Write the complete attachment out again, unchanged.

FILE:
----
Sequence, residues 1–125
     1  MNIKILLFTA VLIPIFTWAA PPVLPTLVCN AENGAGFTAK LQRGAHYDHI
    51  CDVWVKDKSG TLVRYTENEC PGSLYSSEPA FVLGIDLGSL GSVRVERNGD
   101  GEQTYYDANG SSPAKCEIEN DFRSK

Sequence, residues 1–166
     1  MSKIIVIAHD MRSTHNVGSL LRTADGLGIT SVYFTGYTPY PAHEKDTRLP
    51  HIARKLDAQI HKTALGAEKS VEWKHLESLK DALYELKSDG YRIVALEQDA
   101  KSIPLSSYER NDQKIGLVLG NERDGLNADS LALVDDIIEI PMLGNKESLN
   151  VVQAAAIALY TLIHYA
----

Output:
Sequence, residues 1–125
     1  MNIKILLFTA VLIPIFTWAA PPVLPTLVCN AENGAGFTAK LQRGAHYDHI
    51  CDVWVKDKSG TLVRYTENEC PGSLYSSEPA FVLGIDLGSL GSVRVERNGD
   101  GEQTYYDANG SSPAKCEIEN DFRSK

Sequence, residues 1–166
     1  MSKIIVIAHD MRSTHNVGSL LRTADGLGIT SVYFTGYTPY PAHEKDTRLP
    51  HIARKLDAQI HKTALGAEKS VEWKHLESLK DALYELKSDG YRIVALEQDA
   101  KSIPLSSYER NDQKIGLVLG NERDGLNADS LALVDDIIEI PMLGNKESLN
   151  VVQAAAIALY TLIHYA